Becoming a Java Progammer?

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#16 jon.kiparsky  Icon User is offline

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Re: Becoming a Java Progammer?

Posted 04 March 2013 - 09:19 PM

I think it's fair to say that the skill of a programmer is directly proportional to the number of mistakes they've already made - and learned from.

I think this is one of the key reasons why writing lots of code is so much more important than reading about writing code.
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#17 farrell2k  Icon User is offline

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Re: Becoming a Java Progammer?

Posted 05 March 2013 - 07:21 AM

I am bored, so I feel like adding a few more things.

View Postkevinb4940, on 04 March 2013 - 11:54 AM, said:

1)I have heard that Java is the most difficult language to learn.


The language is not hard to learn. It's the libraries and how they work that take a lot of time - Swing, Collections, InputStrems, OutputStreams, etc. Then there are OO design principles. The language is pretty easy to grasp, but programming (putting everything together) is hard.


View Postkevinb4940, on 04 March 2013 - 11:54 AM, said:

2)Can you teach yourself Java or do you have to be academically trained?


I am still teaching myself Java.

I have no college training. It's something I have planned to do, and when I get around to it, I know I will be bored to tears in my Java classes. My background is in real estate, so if I can do it, you most certainly can.

View Postkevinb4940, on 04 March 2013 - 11:54 AM, said:

3)How long does it take to become a Java Programmer?


2 - 3 years to really feel comfortable with the language, but only a few months to start making things. I wrote my first somewhat successful Android application 6 months after starting to play with Java.


I think it is good that you have a management degree before getting into programming. It will definitely help your career. Not many people want to write code in their 50s all the time. It's easier to be the guy who sits back and just makes sure other are doing the work.

One thing I struggled with when first learning Java was whether or not it was the right language to learn. I asked myself it every day, and sometimes I still wonder if I am wasting my time playing with Java, as all the jobs in my area seem to be c#. I decided to stick with learning java, and when I felt comfortable with it, I started looking into other languages like Python and c#. None have interested me like Java.

This post has been edited by farrell2k: 05 March 2013 - 07:22 AM

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#18 pbl  Icon User is offline

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Re: Becoming a Java Progammer?

Posted 05 March 2013 - 07:47 AM

As, for the last 25 years, I made my living of refactoring, for performance reasons, the code written by others I cannot disagree with no2pencil and I will strongly suggest that you start to work on production critical projects right now. :)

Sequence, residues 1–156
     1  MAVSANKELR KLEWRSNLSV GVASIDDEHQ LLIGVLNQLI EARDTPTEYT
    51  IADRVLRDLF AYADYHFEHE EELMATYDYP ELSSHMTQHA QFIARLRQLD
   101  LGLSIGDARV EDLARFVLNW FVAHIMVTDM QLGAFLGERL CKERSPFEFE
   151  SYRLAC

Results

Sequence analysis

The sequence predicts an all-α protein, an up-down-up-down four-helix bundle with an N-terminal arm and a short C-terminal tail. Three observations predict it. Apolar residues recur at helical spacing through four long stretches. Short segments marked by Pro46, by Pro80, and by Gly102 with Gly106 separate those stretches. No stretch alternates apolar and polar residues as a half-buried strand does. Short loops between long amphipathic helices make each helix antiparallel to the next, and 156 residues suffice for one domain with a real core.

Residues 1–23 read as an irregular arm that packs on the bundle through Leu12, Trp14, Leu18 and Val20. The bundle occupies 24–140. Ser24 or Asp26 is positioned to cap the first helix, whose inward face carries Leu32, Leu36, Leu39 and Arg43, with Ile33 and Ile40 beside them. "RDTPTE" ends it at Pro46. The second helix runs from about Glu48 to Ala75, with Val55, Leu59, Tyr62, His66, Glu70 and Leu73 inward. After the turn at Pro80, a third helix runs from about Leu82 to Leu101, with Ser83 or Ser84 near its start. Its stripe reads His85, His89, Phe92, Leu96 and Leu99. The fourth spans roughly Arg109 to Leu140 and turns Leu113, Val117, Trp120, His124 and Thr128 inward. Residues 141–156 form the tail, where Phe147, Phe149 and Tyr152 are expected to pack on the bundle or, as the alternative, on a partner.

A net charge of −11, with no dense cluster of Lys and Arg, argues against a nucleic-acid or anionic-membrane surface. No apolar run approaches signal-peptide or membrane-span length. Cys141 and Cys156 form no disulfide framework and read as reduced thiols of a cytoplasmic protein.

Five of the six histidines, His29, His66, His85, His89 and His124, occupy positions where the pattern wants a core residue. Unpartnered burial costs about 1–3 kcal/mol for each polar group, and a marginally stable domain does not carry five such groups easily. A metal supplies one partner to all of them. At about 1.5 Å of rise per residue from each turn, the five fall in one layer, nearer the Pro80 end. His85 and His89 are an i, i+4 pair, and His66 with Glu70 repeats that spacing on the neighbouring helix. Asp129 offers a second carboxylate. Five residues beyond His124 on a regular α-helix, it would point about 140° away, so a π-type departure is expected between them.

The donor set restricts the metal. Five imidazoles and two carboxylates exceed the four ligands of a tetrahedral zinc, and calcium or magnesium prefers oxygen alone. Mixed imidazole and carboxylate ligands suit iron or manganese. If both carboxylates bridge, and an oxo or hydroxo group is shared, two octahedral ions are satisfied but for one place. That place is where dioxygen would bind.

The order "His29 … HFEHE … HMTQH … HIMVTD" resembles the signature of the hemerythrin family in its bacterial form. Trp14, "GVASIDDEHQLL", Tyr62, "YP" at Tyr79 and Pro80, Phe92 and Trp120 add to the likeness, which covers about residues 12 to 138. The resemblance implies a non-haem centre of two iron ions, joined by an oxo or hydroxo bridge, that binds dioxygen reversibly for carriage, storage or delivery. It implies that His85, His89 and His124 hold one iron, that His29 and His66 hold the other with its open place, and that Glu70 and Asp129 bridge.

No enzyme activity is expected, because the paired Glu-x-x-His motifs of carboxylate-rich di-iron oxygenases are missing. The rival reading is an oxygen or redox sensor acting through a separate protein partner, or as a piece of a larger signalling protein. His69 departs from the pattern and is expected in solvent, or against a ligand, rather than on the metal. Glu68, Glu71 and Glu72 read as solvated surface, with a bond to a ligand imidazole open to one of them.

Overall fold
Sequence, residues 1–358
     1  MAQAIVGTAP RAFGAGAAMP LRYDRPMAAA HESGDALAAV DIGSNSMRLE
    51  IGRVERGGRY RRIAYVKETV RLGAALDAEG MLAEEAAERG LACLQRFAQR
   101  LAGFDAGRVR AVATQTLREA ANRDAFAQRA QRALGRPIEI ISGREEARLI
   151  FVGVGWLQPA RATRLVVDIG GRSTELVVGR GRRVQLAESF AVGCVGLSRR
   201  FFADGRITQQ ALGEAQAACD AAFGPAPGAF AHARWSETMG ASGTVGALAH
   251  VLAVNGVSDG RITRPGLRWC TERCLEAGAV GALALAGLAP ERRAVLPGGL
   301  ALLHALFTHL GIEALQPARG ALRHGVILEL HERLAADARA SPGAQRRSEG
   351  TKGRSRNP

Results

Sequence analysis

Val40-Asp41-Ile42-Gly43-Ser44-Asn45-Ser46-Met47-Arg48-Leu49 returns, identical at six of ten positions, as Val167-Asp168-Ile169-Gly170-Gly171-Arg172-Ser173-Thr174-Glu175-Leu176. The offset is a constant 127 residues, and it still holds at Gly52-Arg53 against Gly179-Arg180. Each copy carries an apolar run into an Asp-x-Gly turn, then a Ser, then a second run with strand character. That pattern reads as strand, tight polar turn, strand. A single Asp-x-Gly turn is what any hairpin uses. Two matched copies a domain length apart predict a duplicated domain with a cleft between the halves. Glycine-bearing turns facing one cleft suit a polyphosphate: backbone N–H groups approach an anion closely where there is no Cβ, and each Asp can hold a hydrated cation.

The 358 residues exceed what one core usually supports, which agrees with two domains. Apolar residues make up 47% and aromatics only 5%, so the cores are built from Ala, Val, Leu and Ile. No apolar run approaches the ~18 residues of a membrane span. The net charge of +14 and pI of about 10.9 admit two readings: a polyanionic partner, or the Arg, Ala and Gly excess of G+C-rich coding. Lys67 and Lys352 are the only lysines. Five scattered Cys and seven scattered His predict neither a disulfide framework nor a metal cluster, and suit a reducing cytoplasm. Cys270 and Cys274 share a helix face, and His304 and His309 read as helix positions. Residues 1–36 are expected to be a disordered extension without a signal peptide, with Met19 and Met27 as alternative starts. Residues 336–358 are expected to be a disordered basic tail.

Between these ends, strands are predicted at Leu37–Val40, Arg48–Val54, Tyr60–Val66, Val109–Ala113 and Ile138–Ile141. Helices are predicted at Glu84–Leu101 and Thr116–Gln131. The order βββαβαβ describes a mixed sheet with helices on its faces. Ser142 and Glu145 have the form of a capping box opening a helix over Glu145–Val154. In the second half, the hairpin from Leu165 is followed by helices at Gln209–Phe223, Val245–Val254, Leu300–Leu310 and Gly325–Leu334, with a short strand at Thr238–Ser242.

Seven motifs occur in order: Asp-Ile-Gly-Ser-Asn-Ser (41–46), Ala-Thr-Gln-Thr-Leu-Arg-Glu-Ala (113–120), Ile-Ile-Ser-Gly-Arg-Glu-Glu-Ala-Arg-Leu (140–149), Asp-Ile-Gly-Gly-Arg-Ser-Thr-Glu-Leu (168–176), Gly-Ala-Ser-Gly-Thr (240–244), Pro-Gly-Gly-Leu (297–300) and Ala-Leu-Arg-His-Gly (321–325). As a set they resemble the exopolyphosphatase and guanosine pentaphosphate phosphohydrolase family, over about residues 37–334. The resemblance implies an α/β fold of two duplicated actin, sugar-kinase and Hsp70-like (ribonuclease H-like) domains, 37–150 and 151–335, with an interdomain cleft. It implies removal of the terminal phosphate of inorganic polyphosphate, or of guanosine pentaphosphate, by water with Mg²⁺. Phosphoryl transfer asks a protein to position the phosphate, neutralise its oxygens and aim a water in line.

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#19 Curtis Rutland  Icon User is online

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Re: Becoming a Java Progammer?

Posted 05 March 2013 - 08:21 AM

View Postjon.kiparsky, on 04 March 2013 - 09:48 AM, said:

View Postkevinb4940, on 04 March 2013 - 06:54 AM, said:

...
1)I have heard that Java is the most difficult language to learn.
...


1) I have heard that as well. Never saw any reason to believe it, though.

...


Where have you guys heard this? I've never heard anyone claim that Java is the hardest language to learn. I think if it were, they wouldn't use it in the vast majority of Intro to Programming classes in college.

I suppose if you were coming from a purely procedural environment, it would be difficult to learn Java because you'd also be learning OOP, but the same would be true of any OO language, not just Java. Maybe they're talking about the framework of packages, but the same would be true for .NET or any other language with a backing framework or standard library. In fact, the organization of the packages would make it far easier to learn than some other languages like C++.

C++ would be, in my personal opinion, the hardest "common" language to learn. Extremely powerful and potent, but deeply complex.
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#20 farrell2k  Icon User is offline

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Re: Becoming a Java Progammer?

Posted 05 March 2013 - 08:36 AM

View PostCurtis Rutland, on 05 March 2013 - 03:21 PM, said:

View Postjon.kiparsky, on 04 March 2013 - 09:48 AM, said:

View Postkevinb4940, on 04 March 2013 - 06:54 AM, said:

...
1)I have heard that Java is the most difficult language to learn.
...


1) I have heard that as well. Never saw any reason to believe it, though.

...


Where have you guys heard this? I've never heard anyone claim that Java is the hardest language to learn. I think if it were, they wouldn't use it in the vast majority of Intro to Programming classes in college.